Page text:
The best first step once you’ve chosen a lender is to get preapproved for a loan. This will help you determine exactly how much home you can afford. Once you’ve found a home and the seller has approved your offer, you’ll be ready to put your loan in place. You can usually continue the application online, but a mortgage expert can also meet with you to walk you through the process and answer any questions.

Acquire all necessary documents

Your lender will want documentation that shows you’ll be able to pay the loan each month. This is where you’ll have to back up any debt and income statements you completed earlier in the application process. You’ll probably need to upload pay stubs or, if you’re self-employed, tax records, and bank statements to show your regular monthly debts. Your lender may contact you several times before closing to ask questions and request additional documentation.

Apply for mortgage financing

Even if you were preapproved, this was only a preliminary part of the process. In addition to providing documentation, you’ll have to complete a more extensive application that seeks to learn more about your debts and your sources of income. If you were preapproved, this should be a fairly seamless process. If you weren’t, this is where you could hit a snag if your credit score or debt-to-income ratio aren’t in line with the requirements for the amount you’re asking to borrow.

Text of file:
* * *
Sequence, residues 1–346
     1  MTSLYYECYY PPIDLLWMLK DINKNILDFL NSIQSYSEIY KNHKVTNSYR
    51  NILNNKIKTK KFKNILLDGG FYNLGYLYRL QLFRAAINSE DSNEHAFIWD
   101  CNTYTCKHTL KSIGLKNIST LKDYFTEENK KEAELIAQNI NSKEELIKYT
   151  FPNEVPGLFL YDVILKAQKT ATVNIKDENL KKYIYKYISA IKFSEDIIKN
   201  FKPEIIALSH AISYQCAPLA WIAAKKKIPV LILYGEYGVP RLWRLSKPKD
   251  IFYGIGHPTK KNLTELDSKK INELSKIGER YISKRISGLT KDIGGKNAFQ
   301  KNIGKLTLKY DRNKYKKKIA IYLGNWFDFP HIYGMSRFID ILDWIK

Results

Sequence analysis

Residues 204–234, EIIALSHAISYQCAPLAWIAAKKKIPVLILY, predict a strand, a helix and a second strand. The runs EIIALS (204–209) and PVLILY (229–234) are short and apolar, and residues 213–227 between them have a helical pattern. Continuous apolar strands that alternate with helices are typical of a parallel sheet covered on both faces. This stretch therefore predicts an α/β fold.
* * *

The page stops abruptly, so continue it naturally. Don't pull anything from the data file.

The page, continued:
Sign & finalize your mortgage

Your home purchase will conclude with something known as a “closing.” This is where you’ll sign all the documentation necessary to transfer the home to your name and get the financing you need to pay for it. This is the most intensive part of the process, but it’s also the most exciting. Once you’ve finished signing, you’ll be ready to move into your new place.

How nesto Works

We offer all the help of a mortgage broker, without the commission. Simply put, our salaried mortgage advisors are rewarded based on your satisfaction. We’re here to help you reach your goal and guide you through the complicated world of home financing. #yesyoucan #empowermentisthenewsexy

Every mortgage professional knows the market’s best rates every time they check their email. Only a few of them will give you that rate without making you work for it. nesto’s here to change the industry for this very reason. You always get the best rate upfront with nesto.